This article, the first in a two part series, seeks to raise awareness of a rare disease affecting children known as eosinophilic esophagitis (EoE or Eos for short), a chronic disease that causes inflammation in the esophagus. Part two examines how a rare disease like Eos Disorders is either not covered or poorly covered by medical insurance, and recent legislation to address this problem for EoE. A big thank you to our new science and environment intern Chelsea Mann for research and drafting this article.
Inflammation is a term regularly associated with common health complications. It is the most likely reason you experience joint pain after a morning run and the reason you miss work after developing bronchitis. While such complications may temporarily interfere with our daily lives, treatment options for inflammation are usually easily accessible and efficient. But for some people—especially children—inflammation can be a serious condition, particularly when this immune response prevents them from eating regular foods to obtain their basic nutrition.
Imagine an inflammatory disease that closes your throat, prohibits the consumption of food, and cannot be treated with simple medications. This type of inflammation is caused by eosinophils (white blood cells) in response to allergies. White blood cells are typically helpful, but high quantities of white blood cells in areas other than the blood and intestinal tract can cause major issues. While we often take it for granted, the esophagus is a critical organ. It is the body’s digestive highway and transports food from the mouth and throat to your stomach. The inflammatory response that is triggered by an elevation of white blood cells in people with Eos disorders creates a roadblock on this digestive highway, disrupting crucial function and making it near impossible to safely consume and digest food.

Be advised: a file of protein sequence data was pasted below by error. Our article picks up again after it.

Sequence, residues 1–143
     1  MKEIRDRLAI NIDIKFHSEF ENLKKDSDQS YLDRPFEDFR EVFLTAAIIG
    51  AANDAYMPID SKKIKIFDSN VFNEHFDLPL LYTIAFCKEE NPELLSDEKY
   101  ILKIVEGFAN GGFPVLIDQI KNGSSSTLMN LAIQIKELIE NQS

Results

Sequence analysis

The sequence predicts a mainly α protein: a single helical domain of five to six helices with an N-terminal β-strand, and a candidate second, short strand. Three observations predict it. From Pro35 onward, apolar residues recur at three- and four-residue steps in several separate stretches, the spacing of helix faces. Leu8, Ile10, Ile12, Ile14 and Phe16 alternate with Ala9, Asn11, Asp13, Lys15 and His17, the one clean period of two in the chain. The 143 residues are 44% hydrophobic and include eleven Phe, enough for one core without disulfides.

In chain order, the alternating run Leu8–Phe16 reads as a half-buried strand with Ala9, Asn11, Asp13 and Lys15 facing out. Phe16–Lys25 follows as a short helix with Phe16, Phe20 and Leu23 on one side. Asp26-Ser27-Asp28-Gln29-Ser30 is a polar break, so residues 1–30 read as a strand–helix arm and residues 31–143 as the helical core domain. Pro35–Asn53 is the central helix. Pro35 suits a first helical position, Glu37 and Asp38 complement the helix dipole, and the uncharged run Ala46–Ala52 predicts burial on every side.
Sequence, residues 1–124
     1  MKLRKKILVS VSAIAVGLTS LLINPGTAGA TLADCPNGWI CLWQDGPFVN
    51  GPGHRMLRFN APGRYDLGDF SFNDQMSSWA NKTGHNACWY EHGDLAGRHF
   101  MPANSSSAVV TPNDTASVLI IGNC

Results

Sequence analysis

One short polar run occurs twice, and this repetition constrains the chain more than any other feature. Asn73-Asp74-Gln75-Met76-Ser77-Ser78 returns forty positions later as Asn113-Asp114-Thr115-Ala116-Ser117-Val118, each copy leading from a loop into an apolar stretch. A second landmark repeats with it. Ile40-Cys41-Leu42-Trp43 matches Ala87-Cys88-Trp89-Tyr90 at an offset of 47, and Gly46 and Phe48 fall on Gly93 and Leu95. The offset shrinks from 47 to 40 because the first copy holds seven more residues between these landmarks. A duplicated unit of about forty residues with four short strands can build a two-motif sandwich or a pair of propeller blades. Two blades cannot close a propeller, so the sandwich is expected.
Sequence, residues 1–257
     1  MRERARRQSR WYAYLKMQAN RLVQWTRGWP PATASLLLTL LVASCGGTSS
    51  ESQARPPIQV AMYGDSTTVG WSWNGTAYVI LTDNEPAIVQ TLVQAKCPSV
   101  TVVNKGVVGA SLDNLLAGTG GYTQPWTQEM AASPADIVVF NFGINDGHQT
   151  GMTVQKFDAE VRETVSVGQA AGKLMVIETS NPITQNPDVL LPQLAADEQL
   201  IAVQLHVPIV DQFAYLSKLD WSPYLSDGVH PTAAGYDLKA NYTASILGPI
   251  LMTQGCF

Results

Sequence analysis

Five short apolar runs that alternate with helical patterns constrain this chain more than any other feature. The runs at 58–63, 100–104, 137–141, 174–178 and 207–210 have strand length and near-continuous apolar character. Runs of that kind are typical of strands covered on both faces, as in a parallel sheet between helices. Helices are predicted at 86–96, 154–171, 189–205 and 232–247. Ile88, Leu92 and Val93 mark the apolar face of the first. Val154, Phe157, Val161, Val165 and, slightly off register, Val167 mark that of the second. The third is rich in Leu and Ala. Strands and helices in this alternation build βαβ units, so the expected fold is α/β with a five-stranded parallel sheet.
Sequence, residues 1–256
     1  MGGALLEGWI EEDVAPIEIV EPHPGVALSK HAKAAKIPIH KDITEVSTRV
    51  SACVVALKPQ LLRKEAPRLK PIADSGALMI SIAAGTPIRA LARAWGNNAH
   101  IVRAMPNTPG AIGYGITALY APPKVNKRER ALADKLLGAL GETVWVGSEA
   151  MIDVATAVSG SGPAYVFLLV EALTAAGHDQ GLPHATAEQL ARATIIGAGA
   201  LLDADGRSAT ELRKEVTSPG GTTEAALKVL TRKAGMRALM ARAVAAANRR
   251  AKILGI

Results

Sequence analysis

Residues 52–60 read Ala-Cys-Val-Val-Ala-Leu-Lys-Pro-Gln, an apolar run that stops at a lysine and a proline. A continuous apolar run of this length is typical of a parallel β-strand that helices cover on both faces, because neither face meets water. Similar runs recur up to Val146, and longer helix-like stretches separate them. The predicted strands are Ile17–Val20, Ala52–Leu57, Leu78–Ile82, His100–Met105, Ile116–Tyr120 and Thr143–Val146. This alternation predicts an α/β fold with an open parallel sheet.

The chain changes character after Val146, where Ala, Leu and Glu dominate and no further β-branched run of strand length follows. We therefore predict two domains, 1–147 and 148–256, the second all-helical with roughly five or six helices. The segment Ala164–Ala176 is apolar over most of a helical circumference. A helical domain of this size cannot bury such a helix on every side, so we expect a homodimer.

Eosinophilic esophagitis largely affects infants and children. According to most medical descriptions of EoE, the symptoms include nausea, regurgitation, vomiting, abdominal pain and reflux. While rare, eosinophilic esophagitis is one of the most prevalent esophageal diseases and causes of dysphagia or difficulty swallowing, and food being impacted in the esophagus. It is a parent’s worst nightmare to have a child with the potential to choke every time he or she eats, while also being deprived of the basic nutrients he or she needs to live and thrive. Children’s Hospital of Philadelphia’s webpage on the disease provides more detailed information about the signs and symptoms of eosinophilic esophagitis in infants and children.